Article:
RECENTLY, RATING AGENCY CRISIL declared that the intensifying asset quality problem in public sector banks can impair their credit risk profiles. CRISIL is expecting the asset quality of these banks to worsen further. Over the past 18 months, the agency's outlook on ten out of the 25 public sector banks has been negative. It is no surprise, because public sector banks account for around 85 per cent of the weak assets in the banking system.
CRISIL director Rajat Bahl says, “The provisioning requirement of public sector banks will increase further and render their pre-provisioning profits inadequate, leading to a significant deterioration in earnings profiles. The government will have to provide more capital to the banks than what was committed under Indradhanush.” A Union finance ministry scheme, Indradhanush was launched to improve functioning of public sector banks.
India Ratings and Research, a credit rating firm, says that banks may need up to Rs 1 trillion over and above their Basel-III capital requirements to manage the concentration risks arising out of their exposure to highly leveraged and stressed corporates.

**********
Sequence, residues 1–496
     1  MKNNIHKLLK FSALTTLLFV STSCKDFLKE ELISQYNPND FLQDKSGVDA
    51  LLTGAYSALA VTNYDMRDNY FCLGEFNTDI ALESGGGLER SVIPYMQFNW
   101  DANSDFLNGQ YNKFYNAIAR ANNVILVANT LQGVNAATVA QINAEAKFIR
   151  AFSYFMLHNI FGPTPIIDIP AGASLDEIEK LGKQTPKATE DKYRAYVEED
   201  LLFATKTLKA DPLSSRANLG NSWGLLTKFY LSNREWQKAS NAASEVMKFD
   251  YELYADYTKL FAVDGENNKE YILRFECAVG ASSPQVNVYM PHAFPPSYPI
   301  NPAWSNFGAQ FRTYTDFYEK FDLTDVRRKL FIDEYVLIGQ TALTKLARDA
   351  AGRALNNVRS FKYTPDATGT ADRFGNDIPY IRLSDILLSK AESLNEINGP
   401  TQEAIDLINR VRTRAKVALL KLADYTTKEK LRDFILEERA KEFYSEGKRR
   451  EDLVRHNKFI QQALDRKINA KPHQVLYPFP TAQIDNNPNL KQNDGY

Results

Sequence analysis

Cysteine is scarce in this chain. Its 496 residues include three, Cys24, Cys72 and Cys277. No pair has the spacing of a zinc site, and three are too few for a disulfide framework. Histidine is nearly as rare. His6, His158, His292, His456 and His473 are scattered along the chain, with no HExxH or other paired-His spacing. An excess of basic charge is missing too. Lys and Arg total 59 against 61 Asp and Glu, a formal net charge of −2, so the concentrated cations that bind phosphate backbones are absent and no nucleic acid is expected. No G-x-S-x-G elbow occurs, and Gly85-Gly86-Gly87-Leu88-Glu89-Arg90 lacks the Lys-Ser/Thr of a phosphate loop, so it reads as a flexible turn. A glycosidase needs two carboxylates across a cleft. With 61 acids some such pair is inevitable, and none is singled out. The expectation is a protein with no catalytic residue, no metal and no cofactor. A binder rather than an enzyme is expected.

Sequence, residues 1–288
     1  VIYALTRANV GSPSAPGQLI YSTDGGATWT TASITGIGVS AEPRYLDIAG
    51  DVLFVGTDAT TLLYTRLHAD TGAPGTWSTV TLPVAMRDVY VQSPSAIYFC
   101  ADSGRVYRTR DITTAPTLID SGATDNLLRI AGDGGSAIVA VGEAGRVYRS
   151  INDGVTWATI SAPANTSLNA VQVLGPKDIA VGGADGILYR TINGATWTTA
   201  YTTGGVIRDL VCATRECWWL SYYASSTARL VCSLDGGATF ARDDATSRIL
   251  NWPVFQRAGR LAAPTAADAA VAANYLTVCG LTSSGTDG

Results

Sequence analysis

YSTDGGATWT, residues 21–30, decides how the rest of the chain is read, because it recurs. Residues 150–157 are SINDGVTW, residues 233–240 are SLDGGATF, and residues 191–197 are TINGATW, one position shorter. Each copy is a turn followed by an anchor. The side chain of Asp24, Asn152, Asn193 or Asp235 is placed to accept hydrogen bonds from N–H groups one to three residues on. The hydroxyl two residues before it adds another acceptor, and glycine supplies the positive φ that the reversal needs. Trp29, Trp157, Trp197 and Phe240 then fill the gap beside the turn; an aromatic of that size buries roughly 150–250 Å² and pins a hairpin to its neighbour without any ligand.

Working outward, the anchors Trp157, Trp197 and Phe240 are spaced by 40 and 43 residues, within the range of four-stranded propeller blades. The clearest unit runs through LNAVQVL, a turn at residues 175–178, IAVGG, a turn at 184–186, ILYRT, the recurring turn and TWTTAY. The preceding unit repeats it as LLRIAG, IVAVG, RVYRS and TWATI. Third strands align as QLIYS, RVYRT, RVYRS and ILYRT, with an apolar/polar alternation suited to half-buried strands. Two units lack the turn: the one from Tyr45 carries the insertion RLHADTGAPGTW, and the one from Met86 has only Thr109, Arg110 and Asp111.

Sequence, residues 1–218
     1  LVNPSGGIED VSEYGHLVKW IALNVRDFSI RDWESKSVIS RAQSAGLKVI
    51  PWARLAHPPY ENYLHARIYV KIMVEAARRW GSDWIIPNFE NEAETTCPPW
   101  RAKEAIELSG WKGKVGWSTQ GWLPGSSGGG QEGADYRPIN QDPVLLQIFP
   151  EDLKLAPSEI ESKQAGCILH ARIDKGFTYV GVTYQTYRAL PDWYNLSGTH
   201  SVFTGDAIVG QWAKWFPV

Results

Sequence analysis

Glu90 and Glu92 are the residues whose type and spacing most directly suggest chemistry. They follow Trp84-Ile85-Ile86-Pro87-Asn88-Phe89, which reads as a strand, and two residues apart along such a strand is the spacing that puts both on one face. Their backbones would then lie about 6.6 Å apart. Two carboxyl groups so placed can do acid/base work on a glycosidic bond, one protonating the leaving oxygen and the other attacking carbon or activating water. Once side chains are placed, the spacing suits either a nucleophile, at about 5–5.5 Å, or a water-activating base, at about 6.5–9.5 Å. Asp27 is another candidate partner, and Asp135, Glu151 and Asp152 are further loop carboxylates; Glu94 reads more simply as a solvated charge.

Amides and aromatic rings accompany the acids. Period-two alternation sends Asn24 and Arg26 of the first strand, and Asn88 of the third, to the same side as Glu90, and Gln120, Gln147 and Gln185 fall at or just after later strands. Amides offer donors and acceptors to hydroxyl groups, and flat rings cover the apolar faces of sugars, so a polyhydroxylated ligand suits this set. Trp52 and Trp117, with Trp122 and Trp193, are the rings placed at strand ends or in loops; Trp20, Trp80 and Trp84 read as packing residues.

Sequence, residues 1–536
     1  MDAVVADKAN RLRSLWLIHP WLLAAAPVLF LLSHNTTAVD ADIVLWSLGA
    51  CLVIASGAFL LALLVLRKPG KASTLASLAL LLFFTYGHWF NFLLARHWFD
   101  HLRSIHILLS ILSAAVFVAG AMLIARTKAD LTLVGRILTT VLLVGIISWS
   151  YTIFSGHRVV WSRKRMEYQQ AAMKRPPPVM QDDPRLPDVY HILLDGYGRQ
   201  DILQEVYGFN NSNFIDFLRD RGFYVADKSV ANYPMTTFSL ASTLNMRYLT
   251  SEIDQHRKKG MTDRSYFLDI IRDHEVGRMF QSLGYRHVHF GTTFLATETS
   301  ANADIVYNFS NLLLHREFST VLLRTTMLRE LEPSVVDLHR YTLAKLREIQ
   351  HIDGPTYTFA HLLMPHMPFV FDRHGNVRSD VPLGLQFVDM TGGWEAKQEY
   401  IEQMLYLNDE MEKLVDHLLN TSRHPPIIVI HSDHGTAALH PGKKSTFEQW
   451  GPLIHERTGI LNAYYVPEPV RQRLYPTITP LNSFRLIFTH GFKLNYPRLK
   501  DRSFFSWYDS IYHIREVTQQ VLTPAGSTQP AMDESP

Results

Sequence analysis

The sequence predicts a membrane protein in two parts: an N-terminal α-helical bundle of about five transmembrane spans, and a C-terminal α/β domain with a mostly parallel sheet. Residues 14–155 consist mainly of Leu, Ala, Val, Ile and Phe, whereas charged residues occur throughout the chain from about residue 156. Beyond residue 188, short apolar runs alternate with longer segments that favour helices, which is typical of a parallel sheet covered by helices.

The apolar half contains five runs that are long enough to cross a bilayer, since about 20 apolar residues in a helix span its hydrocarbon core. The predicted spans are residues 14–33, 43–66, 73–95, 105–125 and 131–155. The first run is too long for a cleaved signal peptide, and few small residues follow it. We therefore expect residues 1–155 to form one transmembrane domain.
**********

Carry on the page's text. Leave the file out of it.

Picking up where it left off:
BANKING ANALYSTS SUCH as Vaibhav Agrawal, vice president (banking), Angel Broking, refuse to pin the entire blame on public sector banks. “Large-scale projects got delayed due to several issues, including [delayed] clearance from the government. This led to cost overruns and the resultant inability of the corporate to service their debt,” he says.
Agrawal says private banks kept their NPAs low by avoiding exposure to large projects and those with a long gestation period. For example, HDFC Bank focused on the retail segment; its NPAs are among the lowest in the industry. This also begs the question: if no one funds big projects, how do you expect the economy to grow?
Agrawal expects the government to up its capital allocation to public sector banks from Rs 25,000 crore to Rs 35,000 crore in FY17. This will help clean up the banks' balance sheets, meet credit growth and empower the banks to meet future challenges, he says.
Modi of Samco Securities wants a comprehensive bankruptcy code which will speed up the recovery process. “Professionalisation of the boards of public sector banks will minimise favouritism and corruption,” he says. “Merit should take precedence for commercial transactions.”